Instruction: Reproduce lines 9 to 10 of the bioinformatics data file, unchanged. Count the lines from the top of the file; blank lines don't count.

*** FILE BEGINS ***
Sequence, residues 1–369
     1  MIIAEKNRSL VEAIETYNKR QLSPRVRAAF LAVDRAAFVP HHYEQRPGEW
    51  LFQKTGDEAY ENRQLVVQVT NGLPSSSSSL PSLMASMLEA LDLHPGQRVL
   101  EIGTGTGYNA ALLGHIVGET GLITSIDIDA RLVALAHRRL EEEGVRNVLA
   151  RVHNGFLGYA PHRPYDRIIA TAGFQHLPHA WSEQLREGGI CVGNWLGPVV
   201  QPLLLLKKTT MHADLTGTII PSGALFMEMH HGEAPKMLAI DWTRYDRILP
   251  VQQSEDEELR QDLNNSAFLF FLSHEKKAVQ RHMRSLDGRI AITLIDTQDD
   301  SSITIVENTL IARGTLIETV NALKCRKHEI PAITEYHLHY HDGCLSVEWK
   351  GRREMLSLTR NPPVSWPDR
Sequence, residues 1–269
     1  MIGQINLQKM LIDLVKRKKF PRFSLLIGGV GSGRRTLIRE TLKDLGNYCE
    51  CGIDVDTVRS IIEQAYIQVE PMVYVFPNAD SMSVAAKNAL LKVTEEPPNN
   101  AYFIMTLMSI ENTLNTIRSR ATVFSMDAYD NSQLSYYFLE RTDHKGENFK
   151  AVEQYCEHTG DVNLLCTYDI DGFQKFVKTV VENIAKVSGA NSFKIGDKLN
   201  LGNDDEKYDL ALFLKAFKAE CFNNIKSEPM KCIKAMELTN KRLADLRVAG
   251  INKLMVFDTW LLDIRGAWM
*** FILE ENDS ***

   351  GRREMLSLTR NPPVSWPDR
Sequence, residues 1–269